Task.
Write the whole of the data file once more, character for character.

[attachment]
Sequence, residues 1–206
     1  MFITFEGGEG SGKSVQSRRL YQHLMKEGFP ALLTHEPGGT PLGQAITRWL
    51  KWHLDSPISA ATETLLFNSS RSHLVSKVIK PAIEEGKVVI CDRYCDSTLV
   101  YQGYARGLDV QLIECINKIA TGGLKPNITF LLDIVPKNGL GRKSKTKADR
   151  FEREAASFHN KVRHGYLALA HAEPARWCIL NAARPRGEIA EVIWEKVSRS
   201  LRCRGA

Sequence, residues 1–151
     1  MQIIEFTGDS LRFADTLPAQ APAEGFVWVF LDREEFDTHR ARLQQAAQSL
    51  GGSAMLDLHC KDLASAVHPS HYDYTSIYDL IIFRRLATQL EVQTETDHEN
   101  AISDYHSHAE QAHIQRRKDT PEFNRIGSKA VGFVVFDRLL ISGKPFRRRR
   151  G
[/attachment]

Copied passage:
Sequence, residues 1–206
     1  MFITFEGGEG SGKSVQSRRL YQHLMKEGFP ALLTHEPGGT PLGQAITRWL
    51  KWHLDSPISA ATETLLFNSS RSHLVSKVIK PAIEEGKVVI CDRYCDSTLV
   101  YQGYARGLDV QLIECINKIA TGGLKPNITF LLDIVPKNGL GRKSKTKADR
   151  FEREAASFHN KVRHGYLALA HAEPARWCIL NAARPRGEIA EVIWEKVSRS
   201  LRCRGA

Sequence, residues 1–151
     1  MQIIEFTGDS LRFADTLPAQ APAEGFVWVF LDREEFDTHR ARLQQAAQSL
    51  GGSAMLDLHC KDLASAVHPS HYDYTSIYDL IIFRRLATQL EVQTETDHEN
   101  AISDYHSHAE QAHIQRRKDT PEFNRIGSKA VGFVVFDRLL ISGKPFRRRR
   151  G